It is many, many billions of dollars. I think if you look at all the traditional players in the telephony space you can make it as big as you want. You can include all of them. We tend to find up against the WebAccess, the GoToMeetings, those types of solutions. Google Hangouts would be probably in the mix obviously. If you wanted to you could include FaceTime there is not really an enterprise version of that though. But you are dealing with a big ecosystem of telephony providers, Polycom, Cisco, some of those are our partners. Polycom is great partner. Some of them we compete more with everyday.

Walter Pritchard – Citi
Any other questions out there?

Unidentified Analyst

So Chris I wanted to ask you again recognizing you’re not Amy Hood, but you do run the marketing budget, so you probably have a decent amount of discretion over spending there. And there has been very tight cost controls in the last 18 or so months at the company, a lot of – it seems like doing more with less and doing a pretty effective job there.

I’m wondering if you could help us understand within the marketing budget how you’ve held to a tighter budget? What choices you’ve had to make and how sustainable is it that you are sort of able at the company to kind of continue flattish plus or minus sort of spending in maybe your area specifically?

Chris Capossela – EVP and Chief Marketing Officer
Oh, it is definitely sustainable. This is not a one-time thing. I think there is always plenty of ways to do things far more efficiently. You don’t have to just sort of say, okay I had this budget last year, I’m launching new products therefore I need a bigger budget next year. It is not how it works. What you have to do is decide what you invested in that you did a really bad job on and don’t invest in that again or find the people who are going to do a better job investing in it and there are always trade-offs that can be made at a scale of our company size. We’re quite blest with tremendous resources and so I think you should think that this is a very sustainable approach that we’re taking far more tight control over where we are putting our money. I am spending far more heavily on the cloud this year than I spent last year and the same was true last year. The cloud continues to go up and up and up and I’m funding that by finding areas of inefficiency that I think we can do without. And that’s in general a very, very, good thing.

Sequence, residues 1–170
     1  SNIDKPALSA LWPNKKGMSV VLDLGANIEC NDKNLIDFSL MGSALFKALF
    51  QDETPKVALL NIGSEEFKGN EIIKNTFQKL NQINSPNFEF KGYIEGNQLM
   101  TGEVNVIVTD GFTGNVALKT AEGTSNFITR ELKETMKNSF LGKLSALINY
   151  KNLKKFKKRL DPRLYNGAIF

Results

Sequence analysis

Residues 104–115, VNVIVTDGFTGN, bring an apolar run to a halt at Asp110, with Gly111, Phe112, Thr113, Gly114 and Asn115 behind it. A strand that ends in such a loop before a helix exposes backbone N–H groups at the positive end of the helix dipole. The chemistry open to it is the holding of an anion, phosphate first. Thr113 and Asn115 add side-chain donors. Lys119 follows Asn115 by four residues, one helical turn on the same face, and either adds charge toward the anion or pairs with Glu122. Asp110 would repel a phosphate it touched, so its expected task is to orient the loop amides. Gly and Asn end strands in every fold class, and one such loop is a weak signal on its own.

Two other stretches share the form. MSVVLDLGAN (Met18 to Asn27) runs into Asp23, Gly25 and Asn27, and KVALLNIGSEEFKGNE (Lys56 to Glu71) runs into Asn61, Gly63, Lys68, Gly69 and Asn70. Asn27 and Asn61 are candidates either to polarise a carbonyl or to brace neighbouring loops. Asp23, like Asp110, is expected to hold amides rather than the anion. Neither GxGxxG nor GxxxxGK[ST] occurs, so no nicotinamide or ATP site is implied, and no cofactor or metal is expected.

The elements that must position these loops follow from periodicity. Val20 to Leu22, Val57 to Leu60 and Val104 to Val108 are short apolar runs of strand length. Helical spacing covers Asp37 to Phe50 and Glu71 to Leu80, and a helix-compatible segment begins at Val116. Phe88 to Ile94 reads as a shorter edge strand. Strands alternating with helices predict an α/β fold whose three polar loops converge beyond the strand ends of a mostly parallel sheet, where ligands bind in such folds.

So as we move more of our marketing to digital, as more of our marketing gets automated, I think there are a lot of best practices that we can be adopting. It doesn’t mean we are not going to spend in a way that matters; it doesn’t mean you are not going to see us on TV or see us as you go on the web. We can still have big impact, but we have to be really disciplined. We’ve traded off consumer for commercial very clear, we’ve traded off devices phone in particular of course and we’ve dialed up Office 365 and Azure and that’s where few ones asked where did it go from and to, that’s really where it went from and to.

It won’t always be that late. We have a great ability to reallocate without having to wait for a budgeting process and that’s a good thing. That’s sort of Satya’s senior leadership team is now one team and so it is pretty easy to say, hey I think this is more important than that, let’s move it, move the money and that’s good, that’s healthy.

Walter Pritchard – Citi
Go it okay, well I’ll take one last question, if somebody has a good one to finish off the day, otherwise we can leave it there. All right, well Chris, thank you very much for coming.

Chris Capossela – EVP and Chief Marketing Officer
My pleasure, thank you, everybody.